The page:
No Internet - Courtesy of Uncle Sam?

With the unrest and protests in Cairo, the AP is reporting that just after midnight the government of Egypt completely flipped the switch and unplugged the entire country from the internet.

“Egypt has apparently done what many technologists thought was unthinkable for any country with a major Internet economy:  It unplugged itself entirely from the internet to try and silence dissent.”

According to tech sources here in the states such a feat would be impossible because it would require coordination of hundreds of companies, and dozens of government agencies.  Unlike in Egypt where only a few providers control all of the bandwidth for the country, here there are many more providers.

China has long censored what citizens are allowed to see on the web, although most have found ways around those controls; something the government in China is aware of but turns a blind-eye to.  Iran also disrupted the Internet in 2009 in an effort to control the population after election results were disputed.  Egypt is the first country in the history of the modern civilian internet that has completely unplugged.

Although the idea of the Egyptian government is obviously to disrupt communication and coordination between dissenting groups who may be organizing protests over the internet, this is a mistake.  Although Egypt is not a “First World” country it relies on the internet for commerce and banking just as almost every country in the world does today.  The disruption of the World Wide Web will not serve any purpose other than to further anger protesters, disrupt communication between government agencies and the military, hurt the economy in areas not involved in protests, destroy the country’s credibility in the world community, and prevent the government’s own message from getting out to the citizens it is trying to calm.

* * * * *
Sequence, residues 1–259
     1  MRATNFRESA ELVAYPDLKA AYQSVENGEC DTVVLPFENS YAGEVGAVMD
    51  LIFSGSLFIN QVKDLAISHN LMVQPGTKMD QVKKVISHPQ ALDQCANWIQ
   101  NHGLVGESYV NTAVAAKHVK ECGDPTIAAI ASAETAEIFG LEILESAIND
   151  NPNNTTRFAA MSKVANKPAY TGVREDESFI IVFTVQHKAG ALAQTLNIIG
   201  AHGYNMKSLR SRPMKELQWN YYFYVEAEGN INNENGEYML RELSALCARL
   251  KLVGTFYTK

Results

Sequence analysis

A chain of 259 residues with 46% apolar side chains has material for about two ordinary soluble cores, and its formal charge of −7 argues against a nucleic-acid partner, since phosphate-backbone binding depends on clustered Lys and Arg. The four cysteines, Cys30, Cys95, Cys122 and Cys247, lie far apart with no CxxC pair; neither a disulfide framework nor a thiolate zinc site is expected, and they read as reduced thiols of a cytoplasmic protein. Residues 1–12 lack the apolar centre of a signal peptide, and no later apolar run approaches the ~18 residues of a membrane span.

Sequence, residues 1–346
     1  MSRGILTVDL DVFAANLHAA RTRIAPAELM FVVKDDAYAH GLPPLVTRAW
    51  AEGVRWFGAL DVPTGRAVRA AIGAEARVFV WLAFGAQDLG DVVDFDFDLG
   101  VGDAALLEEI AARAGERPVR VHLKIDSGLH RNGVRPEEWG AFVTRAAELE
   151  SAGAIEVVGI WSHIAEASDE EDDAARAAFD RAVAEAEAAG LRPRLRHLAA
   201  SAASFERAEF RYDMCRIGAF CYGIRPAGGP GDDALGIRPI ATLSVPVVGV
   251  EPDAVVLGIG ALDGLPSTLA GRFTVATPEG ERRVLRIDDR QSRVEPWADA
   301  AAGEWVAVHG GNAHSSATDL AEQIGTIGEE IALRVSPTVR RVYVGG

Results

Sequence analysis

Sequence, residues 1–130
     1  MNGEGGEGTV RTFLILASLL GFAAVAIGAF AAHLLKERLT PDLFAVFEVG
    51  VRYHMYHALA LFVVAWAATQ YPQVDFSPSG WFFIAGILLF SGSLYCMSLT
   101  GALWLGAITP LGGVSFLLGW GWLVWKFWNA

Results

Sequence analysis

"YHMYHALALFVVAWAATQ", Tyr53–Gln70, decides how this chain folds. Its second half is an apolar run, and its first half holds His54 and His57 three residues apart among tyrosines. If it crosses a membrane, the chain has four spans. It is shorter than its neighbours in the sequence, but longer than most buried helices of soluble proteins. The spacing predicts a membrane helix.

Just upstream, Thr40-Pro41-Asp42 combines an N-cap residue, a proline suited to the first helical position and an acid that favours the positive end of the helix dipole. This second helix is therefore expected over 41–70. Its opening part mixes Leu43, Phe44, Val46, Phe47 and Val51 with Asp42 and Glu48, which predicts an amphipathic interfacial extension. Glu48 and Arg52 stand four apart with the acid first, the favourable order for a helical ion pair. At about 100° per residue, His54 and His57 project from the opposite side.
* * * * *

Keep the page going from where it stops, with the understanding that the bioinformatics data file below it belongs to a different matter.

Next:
The sad part is that lawmakers have pushed for the ability to “flip the switch” on the web in this country as well.  A power that would be reserved to the President in time of national emergency.  (Whether that emergency can be defined as sinking poll numbers is anyone’s guess. . . .)  Luckily I don’t believe that something like this will ever really happen.  The government, including the military and federal law enforcement agencies, have networks that are serviced by civilian contractors.  The networks are simply too intertwined to shutdown the internet without also disrupting government, military, and law enforcement communications as well.

The internet, especially in this country, is essential to freedom of speech.  I believe that any attempt to disrupt or shut down communications or the entire web is unconstitutional.  We may not always agree with what is on the web,  but that is the beauty of the internet; it allows anyone and everyone to have a voice.  Uncle Sam needs to keep his hands off the “switch”.  The government has seized enough powers over the last few years, leave the internet alone.



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